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The supposed subliminal message hidden in Queen song 'Another One Bites The Dust'


For decades, it has been highly speculated that Queen’s iconic hit, ‘Another One Bites The Dust’, includes a hidden drug reference that the group subliminally instilled within the song — but is there any truth to it?

Throughout their storied history, the rock pioneers didn’t have a notable relationship with drugs and, in truth, it was only frontman Freddie Mercury who notably dabbled with substances. However, the charismatic singer was an extremely private person, and that part of his life is coated in mystery. His close friend, Elton John, once proclaimed: “Freddie could out party him which is really saying something”. In his memoir, he also claimed that Mercury was “no saint when it came to booze and drugs”.

For a prolonged period of time, the religious right believed rock ‘n’ roll was an off-shoot of occultism and, in an attempt to silence the cultural boom, began to spread malicious rumours about Queen and various other groups. When subliminal messaging became a new craze in the early 1980s and picked up mainstream attention, James Gilbert, minister at the Church Of Christ in Kaufman, warned the Iowa Telegraph Herald about its prominence in popular culture. He explained: “A subliminal message is a message that’s below a discernible level. Your conscious mind hears one thing, but your subconscious mind can pick the other up. That’s what’s so aggravating”.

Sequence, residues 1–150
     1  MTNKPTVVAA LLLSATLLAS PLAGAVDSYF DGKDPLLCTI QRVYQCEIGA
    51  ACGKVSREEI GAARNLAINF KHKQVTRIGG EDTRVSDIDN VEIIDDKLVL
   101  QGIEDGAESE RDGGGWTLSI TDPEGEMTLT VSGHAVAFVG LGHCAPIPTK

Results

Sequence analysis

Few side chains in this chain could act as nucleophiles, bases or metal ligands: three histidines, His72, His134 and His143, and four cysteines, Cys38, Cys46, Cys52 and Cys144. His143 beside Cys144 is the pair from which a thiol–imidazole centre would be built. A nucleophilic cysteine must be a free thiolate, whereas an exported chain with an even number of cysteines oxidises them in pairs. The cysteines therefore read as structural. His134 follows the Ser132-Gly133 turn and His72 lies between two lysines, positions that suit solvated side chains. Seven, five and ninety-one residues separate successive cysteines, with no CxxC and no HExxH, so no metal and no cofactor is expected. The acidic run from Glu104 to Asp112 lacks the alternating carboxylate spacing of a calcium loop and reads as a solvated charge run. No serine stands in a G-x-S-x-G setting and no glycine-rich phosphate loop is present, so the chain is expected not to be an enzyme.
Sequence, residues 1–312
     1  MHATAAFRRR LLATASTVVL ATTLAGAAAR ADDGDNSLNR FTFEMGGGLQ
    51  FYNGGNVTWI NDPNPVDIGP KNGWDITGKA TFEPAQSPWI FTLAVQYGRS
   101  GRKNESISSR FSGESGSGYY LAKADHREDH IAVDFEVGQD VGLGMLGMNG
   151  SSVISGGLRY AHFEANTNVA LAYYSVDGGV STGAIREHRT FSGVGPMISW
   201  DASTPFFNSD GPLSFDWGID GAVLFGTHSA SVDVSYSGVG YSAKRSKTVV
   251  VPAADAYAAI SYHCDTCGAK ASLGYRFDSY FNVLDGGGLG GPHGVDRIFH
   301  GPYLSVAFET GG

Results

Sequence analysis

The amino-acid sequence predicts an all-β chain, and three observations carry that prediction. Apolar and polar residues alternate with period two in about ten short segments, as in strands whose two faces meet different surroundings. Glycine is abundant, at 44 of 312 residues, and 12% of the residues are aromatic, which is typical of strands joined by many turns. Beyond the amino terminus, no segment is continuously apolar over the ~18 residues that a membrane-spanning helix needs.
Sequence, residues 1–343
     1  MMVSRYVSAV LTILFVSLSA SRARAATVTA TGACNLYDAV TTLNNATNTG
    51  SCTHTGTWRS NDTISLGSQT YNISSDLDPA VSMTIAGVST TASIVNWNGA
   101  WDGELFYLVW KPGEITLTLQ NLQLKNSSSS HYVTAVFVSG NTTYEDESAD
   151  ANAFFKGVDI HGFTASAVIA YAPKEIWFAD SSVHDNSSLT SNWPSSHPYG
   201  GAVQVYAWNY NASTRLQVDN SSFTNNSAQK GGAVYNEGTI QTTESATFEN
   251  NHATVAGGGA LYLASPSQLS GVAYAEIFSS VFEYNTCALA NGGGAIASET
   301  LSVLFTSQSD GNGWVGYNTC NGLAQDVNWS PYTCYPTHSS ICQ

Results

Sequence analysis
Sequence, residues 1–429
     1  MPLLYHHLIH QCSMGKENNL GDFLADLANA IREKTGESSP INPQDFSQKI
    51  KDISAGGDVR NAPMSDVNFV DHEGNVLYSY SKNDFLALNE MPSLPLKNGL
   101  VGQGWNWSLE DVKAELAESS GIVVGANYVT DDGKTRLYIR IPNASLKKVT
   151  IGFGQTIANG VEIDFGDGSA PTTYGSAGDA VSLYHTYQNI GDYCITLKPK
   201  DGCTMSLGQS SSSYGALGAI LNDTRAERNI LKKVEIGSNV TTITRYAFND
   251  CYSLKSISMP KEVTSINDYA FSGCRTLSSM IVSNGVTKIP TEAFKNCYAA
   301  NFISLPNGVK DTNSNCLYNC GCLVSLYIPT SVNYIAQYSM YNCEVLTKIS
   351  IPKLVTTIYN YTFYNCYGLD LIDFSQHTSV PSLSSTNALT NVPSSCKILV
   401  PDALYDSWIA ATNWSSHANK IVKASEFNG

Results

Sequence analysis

Adding: “They’re messing with our mind and you don’t even know it. Subliminal persuasion is as close to mind control as you can get. The occult influence is the part that bothers me the most. Groups like Led Zeppelin, Fleetwood Mac, The Eagles and The Rolling Stones – the are really into the occult.”

Michael Mills, Minister Of Youth And Evangelism At The Family Altar Chapel, Battle Creek, Michigan, was a prominent figure in this religious movement. He was the person to first uncover the so-called subliminal message in ‘Another One Bites The Dust’. Mills also hosted a series of radio programmes about satanic messaging and claimed: “The music group Queen has a message for you. In their album A Night At The Opera, they sing ‘Beelzebub has a devil put aside for me’. In their hit Another One Bites The Dust, their hidden message – in reverse – is ‘Some of us smoke marijuana’.”

Despite the whispers and swirling rumours, no member from Queen ever mustered the energy to respond to this outlandish theory, and it’s hard to blame them. If Freddie Mercury wanted to tell people to smoke marijuana, it wouldn’t have been in his character to do it this discreetly.

Mills was clutching at straws to try to make Mercury seem like an incarnation of the devil when Queen were nothing but a force for good. However, the band represented a progressive and inclusive future embodied by Freddie Mercury, who was also everything that the religious right detests.

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